Buy American — its sounds great, right? After all, what's wrong with requiring businesses, especially those using federal dollars, to spend their money here at home? As it turns out, some construction industry groups claim the rules intended to help American manufacturers and suppliers could be hurting construction companies as part of the deal.
Current regulations in place
There are three main Buy America laws currently in effect, each with its own purchasing restrictions targeting projects using federal funds.
Buy American Act of 1933
The Buy American Act of 1933, established during the Great Depression, was the first to restrict sourcing of products to those made in America. The original provisions have been updated over the years, according to Scott Berry, director of the Associated General Contractors of America's utility infrastructure division, environment and trade.
As it stands today, the act's definition of American-made requires that "51% of the constituent components of a given product have to be made in America." The product must also be "substantially transformed" in some way by American labor, meaning that the product must undergo some kind of change in this country, whether it be form or shape, Berry said.
He added that all products and services purchased by the federal government must comply with the Buy American Act of 1933. However, the U.S. is a signatory to the World Trade Organization's Agreement on Government Procurement (GPA), which allows signatory countries to treat products made in other GPA countries as being made in their own, as long as the contract in question meets a minimum value threshold. For example, a U.S. company can activate this feature of the GPA if its federally-related contract is worth $5 million or more.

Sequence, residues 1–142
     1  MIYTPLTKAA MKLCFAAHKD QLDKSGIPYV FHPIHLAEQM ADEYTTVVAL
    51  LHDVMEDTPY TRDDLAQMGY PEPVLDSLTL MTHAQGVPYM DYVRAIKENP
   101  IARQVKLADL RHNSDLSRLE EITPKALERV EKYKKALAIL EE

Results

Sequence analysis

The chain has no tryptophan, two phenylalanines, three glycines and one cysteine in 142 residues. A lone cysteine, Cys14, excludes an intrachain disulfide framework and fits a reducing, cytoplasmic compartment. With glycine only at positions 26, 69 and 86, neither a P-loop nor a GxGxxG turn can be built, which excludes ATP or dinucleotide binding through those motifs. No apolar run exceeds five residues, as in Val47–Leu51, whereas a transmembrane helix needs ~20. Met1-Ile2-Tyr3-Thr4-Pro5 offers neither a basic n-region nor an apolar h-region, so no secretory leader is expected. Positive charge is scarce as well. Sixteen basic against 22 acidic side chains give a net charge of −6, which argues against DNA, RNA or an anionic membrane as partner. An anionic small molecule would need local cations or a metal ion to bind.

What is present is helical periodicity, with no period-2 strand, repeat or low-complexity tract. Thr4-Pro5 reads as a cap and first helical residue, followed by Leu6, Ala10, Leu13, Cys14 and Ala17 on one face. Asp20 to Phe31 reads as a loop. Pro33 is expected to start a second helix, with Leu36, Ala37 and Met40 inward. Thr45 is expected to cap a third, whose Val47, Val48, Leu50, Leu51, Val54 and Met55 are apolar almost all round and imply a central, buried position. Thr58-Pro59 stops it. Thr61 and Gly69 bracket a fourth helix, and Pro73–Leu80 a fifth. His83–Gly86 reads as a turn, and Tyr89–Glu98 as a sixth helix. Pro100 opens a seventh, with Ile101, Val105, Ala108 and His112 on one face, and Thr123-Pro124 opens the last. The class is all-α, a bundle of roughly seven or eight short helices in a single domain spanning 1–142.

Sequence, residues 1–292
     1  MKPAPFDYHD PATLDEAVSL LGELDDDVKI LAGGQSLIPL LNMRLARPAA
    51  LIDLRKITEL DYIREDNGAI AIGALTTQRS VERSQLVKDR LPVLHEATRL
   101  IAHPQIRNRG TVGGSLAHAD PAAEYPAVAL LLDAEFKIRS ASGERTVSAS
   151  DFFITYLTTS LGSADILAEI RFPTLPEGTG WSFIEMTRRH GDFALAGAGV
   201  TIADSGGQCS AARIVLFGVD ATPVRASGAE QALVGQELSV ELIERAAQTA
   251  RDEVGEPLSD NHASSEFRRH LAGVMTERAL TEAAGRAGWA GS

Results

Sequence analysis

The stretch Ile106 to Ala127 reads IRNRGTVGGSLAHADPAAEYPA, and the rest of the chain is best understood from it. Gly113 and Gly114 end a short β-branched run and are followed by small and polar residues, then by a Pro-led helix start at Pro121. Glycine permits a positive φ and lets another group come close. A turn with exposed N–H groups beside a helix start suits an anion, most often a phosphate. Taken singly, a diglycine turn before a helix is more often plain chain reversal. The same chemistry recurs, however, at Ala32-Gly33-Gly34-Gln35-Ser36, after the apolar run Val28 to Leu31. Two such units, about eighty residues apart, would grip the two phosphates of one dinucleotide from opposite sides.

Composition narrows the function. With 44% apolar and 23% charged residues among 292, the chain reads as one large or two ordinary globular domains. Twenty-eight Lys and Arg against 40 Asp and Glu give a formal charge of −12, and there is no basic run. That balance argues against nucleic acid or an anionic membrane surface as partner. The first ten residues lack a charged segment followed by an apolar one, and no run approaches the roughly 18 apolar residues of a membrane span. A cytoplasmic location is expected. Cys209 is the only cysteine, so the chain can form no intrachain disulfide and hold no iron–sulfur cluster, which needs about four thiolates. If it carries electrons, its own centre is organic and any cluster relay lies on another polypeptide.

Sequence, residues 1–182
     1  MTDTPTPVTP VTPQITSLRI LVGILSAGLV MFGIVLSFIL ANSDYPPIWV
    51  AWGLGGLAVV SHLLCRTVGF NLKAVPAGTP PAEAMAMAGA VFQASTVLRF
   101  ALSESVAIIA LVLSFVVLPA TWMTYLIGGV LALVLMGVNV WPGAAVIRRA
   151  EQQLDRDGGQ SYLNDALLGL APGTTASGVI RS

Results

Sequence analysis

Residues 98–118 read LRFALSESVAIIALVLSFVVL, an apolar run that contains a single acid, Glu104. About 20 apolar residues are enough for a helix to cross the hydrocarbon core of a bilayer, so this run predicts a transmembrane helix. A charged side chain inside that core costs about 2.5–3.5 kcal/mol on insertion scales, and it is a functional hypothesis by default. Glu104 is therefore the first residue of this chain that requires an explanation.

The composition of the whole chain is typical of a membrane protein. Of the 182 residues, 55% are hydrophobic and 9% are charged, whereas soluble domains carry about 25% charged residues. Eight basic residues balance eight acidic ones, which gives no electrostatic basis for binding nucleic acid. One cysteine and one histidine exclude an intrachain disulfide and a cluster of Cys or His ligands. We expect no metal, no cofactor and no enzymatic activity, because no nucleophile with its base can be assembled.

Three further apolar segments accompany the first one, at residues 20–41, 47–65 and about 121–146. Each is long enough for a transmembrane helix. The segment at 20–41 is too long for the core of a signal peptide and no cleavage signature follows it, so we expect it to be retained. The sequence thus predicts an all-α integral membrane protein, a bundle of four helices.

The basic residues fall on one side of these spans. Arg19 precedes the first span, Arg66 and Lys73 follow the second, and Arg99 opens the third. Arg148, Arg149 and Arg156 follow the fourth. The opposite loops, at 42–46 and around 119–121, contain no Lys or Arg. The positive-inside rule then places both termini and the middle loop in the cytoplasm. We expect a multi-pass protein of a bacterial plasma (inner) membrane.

Surface Transportation Assistance Act of 1982
However, Buy America, a provision of the Surface Transportation Assistance Act of 1982, is much stricter. As the name suggests, this law applies to projects funded by the Department of Transportation (DOT) and usually involves the purchase of iron and steel, although it also covers manufactured goods as well. In this case, the definition of American-made, although not specified in the original Act, means 100% of all components, products and processes have to originate in the U.S, according to Berry.